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Definition of "dispersive" [dis•pers•ive]

  • Tending to become dispersed. (adjective)
  • Tending to produce dispersion. (adjective)

American Heritage(R) Dictionary of the English Language, Fifth Edition. Copyright (c) 2011 by Houghton Mifflin Harcourt Publishing Company. Published by Houghton Mifflin Harcourt Publishing Company. All rights reserved.

Use "dispersive" in a sentence
  • "Now let a prism be placed in the path of such rays of different wave length from a single molecule, and what is called the dispersive action of the prism will separate the rays in the order of their wave lengths, the longer waves being less refracted than the shorter ones; but the energy of any one of these will depend upon the _amplitude of undulation_, which in turn will depend upon the amplitude of vibration of the part of the molecule that originated it, but in general the longer waves have greater amplitude, though not necessarily so."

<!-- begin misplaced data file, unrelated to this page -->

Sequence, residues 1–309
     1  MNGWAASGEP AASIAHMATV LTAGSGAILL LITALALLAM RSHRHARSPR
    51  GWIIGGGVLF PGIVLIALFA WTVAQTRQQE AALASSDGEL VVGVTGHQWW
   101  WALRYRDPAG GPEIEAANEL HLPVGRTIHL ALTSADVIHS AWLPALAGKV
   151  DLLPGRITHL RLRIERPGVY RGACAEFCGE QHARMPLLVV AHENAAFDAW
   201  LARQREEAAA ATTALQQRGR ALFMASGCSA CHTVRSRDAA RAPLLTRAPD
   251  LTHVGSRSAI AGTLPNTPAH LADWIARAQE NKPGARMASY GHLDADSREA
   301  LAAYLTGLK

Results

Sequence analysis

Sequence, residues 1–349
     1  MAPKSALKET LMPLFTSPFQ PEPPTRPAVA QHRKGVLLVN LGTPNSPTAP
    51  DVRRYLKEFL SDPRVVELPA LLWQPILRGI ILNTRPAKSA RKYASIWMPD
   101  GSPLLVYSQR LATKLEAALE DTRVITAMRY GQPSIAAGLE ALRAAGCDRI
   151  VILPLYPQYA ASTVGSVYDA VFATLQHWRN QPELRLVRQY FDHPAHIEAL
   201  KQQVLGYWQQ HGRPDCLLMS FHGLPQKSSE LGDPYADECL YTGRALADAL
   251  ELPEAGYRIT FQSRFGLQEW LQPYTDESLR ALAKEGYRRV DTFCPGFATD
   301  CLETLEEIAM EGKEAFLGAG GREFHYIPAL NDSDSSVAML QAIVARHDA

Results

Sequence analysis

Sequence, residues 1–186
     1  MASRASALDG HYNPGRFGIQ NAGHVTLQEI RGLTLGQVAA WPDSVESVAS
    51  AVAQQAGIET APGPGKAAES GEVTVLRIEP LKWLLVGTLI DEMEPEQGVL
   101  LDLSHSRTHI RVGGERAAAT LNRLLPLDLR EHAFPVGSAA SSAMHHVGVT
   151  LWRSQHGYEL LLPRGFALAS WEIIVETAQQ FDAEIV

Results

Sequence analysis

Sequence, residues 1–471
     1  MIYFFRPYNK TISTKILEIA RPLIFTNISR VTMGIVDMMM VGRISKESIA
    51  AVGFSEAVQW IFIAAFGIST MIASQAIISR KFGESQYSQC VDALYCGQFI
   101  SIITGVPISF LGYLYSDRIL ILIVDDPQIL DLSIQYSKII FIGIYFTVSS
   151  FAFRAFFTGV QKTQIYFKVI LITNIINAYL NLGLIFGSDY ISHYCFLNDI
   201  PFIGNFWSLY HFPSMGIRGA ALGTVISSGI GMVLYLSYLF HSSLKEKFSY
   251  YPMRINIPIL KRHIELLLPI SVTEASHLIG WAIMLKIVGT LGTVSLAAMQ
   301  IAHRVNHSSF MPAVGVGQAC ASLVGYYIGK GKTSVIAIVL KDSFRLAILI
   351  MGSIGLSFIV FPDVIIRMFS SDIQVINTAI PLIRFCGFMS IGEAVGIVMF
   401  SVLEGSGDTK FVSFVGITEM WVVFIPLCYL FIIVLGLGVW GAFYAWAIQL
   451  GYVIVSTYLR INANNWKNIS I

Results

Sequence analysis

• "Buddhism, however, on the 'dispersive' view of the evolution of religion, is not the only radiation from the common centre, of which we have to take account, in addition to fetishism, polytheism, and monotheism."
  • "It seems equally capable of being fitted in to the 'dispersive' theory, and of being regarded as an emanation or radiation proceeding direct from the human heart."
Words like "dispersive"
energy-dispersive
optical-to-electrical
small-angle
chromatography­mass
dispersive line
dispersive mass transfer
dispersive medium
apperceptive